When did we start hating? – A blog by Voice Programme Officer Ruth Kimani
– Ruth Kimani, Voice Programme Officer Kenya –
As we commemorate this year’s International Day against Homophobia, Biphobia and Transphobia (IDAHOT), I am reminded of the daily struggles and realities that sexual and gender minorities have to deal with.
While East African nations enjoy their status as progressive nations in the 21st century and have included sustainable development goals in their national agendas, my attention is drawn to the recent heightened violence against sexual and gender minorities in Tanzania. Their voices have unfortunately been muzzled at the prompting of homophobic rhetoric by those in power. Such expressions of discomfort, intolerance and hatred by lawmakers have further marginalised sexually diverse citizens of Tanzania.
Throughout Tanzania, same-sex acts are punishable by imprisonment, ranging from 30 years to life. Efforts to enact new measures, however, move beyond the criminalisation of sex ‘acts’ to outlawing the ‘promotion’ of homosexuality, with broad definitions of what such promotion of homosexuality might entail. Non-government organisations (NGOs), health service providers and rights organisations that advocate for greater inclusivity and fairness in society are not spared either.
With such acts of discrimination towards sexual minorities, I am prompted to ask “Does my sexuality deprive me of my status as a citizen of my country? Does it mean I shall not be treated equally and enjoy my rights as any other citizen?”
African leaders have tied their negative stance towards sexual orientation and gender identity/expression to religion and culture. We should take note that global bodies such as the World Health Organisation (WHO) declassified homosexuality as an illness or disorder in 1990, and there is now a wide global consensus among scientists that homosexuality is a normal and natural variation of human sexuality without any inherently detrimental health consequences.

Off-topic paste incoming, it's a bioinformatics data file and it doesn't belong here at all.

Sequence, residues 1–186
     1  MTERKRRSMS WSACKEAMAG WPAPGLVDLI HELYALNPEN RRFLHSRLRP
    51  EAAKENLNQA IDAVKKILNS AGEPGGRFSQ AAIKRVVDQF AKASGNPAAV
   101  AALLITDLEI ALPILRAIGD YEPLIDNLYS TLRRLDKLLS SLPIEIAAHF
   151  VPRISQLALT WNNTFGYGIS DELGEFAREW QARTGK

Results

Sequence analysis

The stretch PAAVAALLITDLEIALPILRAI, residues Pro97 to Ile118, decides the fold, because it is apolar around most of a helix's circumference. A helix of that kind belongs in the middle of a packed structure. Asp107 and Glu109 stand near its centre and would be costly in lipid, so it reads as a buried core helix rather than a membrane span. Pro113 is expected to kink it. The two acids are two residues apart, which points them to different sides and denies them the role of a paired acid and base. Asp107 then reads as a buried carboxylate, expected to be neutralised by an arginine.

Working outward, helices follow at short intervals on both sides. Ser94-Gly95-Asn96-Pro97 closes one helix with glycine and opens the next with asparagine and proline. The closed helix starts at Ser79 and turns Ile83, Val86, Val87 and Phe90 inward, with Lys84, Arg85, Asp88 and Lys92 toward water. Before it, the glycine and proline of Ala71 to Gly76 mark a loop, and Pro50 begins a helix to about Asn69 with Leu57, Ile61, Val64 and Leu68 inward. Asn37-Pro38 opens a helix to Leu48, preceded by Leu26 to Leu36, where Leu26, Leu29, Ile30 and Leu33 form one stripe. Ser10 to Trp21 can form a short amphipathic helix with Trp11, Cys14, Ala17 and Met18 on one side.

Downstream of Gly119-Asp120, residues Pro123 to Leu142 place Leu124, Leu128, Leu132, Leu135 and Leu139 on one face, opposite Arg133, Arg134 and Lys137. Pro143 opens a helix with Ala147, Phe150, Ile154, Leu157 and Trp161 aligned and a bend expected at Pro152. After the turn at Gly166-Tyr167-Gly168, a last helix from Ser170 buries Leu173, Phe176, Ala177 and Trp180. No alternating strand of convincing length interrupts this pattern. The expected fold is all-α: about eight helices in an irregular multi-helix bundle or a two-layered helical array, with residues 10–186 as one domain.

I therefore call upon the Tanzania Government to consider such scientific perspectives and draw on the most current scientific knowledge when creating policy and enacting laws. Intolerance and hatred perpetuated by the state or the public towards sexual and gender minorities yields violence. Violence is a learned behaviour that is driven by stigma and prejudice. To unlearn behaviour is therefore not complicated.
Thirty-eight of fifty-three African nations criminalise homosexuality, thereby imposing varying degrees of legislative restrictions on sexual desires and practices, and on the fulfilment of the human rights of individuals. It is also unfortunate that in East Africa, persons who are or who are perceived as lesbian, gay, bisexual, transgender and intersex (LGBTI), and others whose gender expression does not fit into binary gender norms, are still frequently depicted as deserving public condemnation and, in several cases, as warranting state-sanctioned punishment.
According to article 1 of the Universal Declaration of Human Rights, “all human beings are born free and equal in dignity and rights.” Every person is therefore entitled to enjoy the protections provided for by international human rights law, including in respect of rights to life, security of person and privacy, the right to be free from torture, arbitrary arrest and detention, the right to be free from discrimination and the right to freedom of expression, association and peaceful assembly. Therefore, extending the same rights enjoyed by everyone else to persons who often experience violence and discrimination because of their actual or perceived sexual orientation and gender identity, is not complicated.
IDAHOT’S theme this year focuses on the role of families as a supportive pillar towards sexual minorities. Family support and acceptance has the potential to significantly influence the well-being of LGBTI persons. In addition, supportive families can be powerful forces for countering belief systems that create hostile and even violent environments for those who are made to feel alienated within societies.
What can you do as a family member of a sexual and gender minority for them to feel accepted and valued and to act as a safeguard for them against societal backlash? Supportive families can make a huge difference for lesbian, gay, bisexual and transgender (LGBTI) communities. You can start by words and actions. Love is love; let us not make it subjective!